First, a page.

When photographing people it is all too easy to see the situation purely from a photographer's perspective. However, experience soon shows that subjects' priorities are likely to lie elsewhere. Most will focus upon their appearance in the printed pictures, and the potential usage of their images. Unfortunately, photographers do not always know how images will be used at the time they are taken.
Release forms are an important element in a photographer's survival kit because they provide a convenient means of recording agreements made with subjects. They also serve as receipts and therefore eliminate disputes about payment. It is unfortunate that they are commonly known as "model release forms" because this gives the misleading impression that they are applicable only to professional models.
Release forms are not a legal requirement. There is no copyright in a person's features or body shape, and copyright in a photographer's work is automatically assigned to the photographer. Unfortunately that does not prevent the occurrence of disputes over the use of pictures. Photographers may find themselves sued for damages if subjects feel their images have been misused, perhaps as a consequence of publication, or that their privacy has been abused. Subjects may also object to images being used in particular ways, such as on certain websites or in an advertisement for a particular product. The legal situation is complicated because different laws apply in every country.
In many countries a photographer is permitted, in broad terms, to photograph people in public places without prior permission. However, it is important to remember that there is no legal protection from the acquisition of black eyes and broken cameras - just the possibility of redress at a later date. In private places it is generally necessary to obtain appropriate agreement before photographing people. The most significant factor is perhaps that of intent. Why did a photographer take particular images, and how are they to be used? Nevertheless, assuming decency and honourable intentions, images of people taken in private circumstances can be used at a personal level without the agreement of the subject.
When images are published or used commercially the situation is rather different. Photographs taken in public places can be published without permission provided there is no intention to mislead. A man can be photographed walking with his mistress, and the picture can be published provided the caption is not libellous. Newspapers and magazines use material of this nature all the time but are careful to report only the facts. However when photographs of people in public places are to be used in advertising, it is certainly advisable to seek formal release. Pictures taken in private, usually with the cooperation of the subjects, should not be published or used commercially without a written agreement. Cooperation will be based on an understanding between the subjects and the photographer. If someone later feels that an agreement has been broken they may be able to seek redress. Verbal contracts obviously increase the chances of a misunderstanding.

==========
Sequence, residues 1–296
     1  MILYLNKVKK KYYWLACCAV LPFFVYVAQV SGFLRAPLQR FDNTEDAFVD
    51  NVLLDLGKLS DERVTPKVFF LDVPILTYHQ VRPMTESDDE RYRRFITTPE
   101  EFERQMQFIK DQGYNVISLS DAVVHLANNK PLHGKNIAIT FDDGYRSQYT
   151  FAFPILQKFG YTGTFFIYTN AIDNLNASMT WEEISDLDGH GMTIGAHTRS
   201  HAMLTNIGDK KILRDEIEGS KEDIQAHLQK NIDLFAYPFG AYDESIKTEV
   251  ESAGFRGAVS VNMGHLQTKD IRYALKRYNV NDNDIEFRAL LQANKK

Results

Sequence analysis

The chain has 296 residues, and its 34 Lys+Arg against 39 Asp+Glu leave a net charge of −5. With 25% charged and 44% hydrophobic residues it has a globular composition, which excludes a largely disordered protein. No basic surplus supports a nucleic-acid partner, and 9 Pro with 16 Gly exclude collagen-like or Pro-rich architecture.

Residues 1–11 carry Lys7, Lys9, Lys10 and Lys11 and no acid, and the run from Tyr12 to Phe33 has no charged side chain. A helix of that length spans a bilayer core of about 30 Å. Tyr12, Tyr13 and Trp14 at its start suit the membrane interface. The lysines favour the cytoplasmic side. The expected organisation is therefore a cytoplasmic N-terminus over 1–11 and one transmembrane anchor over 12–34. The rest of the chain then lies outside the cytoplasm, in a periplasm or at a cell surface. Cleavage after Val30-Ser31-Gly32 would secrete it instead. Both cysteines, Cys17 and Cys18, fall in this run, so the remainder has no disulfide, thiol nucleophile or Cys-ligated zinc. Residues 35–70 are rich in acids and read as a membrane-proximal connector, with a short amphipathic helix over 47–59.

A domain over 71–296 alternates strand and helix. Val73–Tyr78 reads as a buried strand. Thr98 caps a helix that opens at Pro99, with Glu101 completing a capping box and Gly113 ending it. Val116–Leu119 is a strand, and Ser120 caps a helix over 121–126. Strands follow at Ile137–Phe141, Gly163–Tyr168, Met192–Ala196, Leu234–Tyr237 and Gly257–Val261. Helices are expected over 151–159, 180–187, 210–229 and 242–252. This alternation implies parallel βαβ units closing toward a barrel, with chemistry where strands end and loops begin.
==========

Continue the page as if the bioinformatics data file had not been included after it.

In other countries the situation may be quite different. France has particularly strict privacy laws and photographers have been prosecuted for nuisance, harassment, and even for publishing images taken in public places. Developing countries may have little or no relevant law, but the situation on the streets may be complicated by issues related to religion, culture, superstition, tradition and so on. Photographers must then feel their way and take the consequences. In many cases the best guide is simply whatever is reasonable.
Since the public display of images is a key factor in determining the proper use of release forms, the photographer must also understand what constitutes publication. According to the dictionary, publishing is the process of offering material for public scrutiny. Clearly the scope of publication is also a factor. The front page of the London Times is likely to be regarded in a different light to a local photographic exhibition. Nevertheless, including an image in a public exhibition or club newsletter constitutes limited publication. A club website potentially crosses every national boundary and therefore represents global publicity.
Prudently-worded and legally-binding release forms should therefore be signed wherever possible. In the case of private shoots undertaken with the cooperation of a subject, the use of release forms is certainly good practice. The signature of a parent or guardian is essential where anyone under 18 is involved. If any of the pictures might be displayed publicly, formal release is essential. Nude shots of anyone under 16 invite prosecution. For all other nudes it is good practice to sign a release form for each published image. Models may have strong views about how much of their bodies can be revealed and their consent will vary accordingly. In the case of images used for advertising the same strict principles apply. When people are photographed in public places it is clearly not possible to collect all their signatures and no one would expect this to be done. But if an image which is to be published includes a couple of dominant figures, it is worth seeking their release signatures.
Photographers who regard such precautions as unnecessary should bear in mind that it is not unusual for models to change their minds about the use of their images years after they are taken. This can happen even in cases where release forms have been signed. A typical situation arises when a young model acquires a husband or wife who finds previously taken images disagreeable. The couple then decide to make a legal challenge. This is arguably more prevalent in, but not exclusive to, the amateur world. The existence of a signed release does not entirely exclude the possibility of disputes, but it does render them less likely and easier to resolve.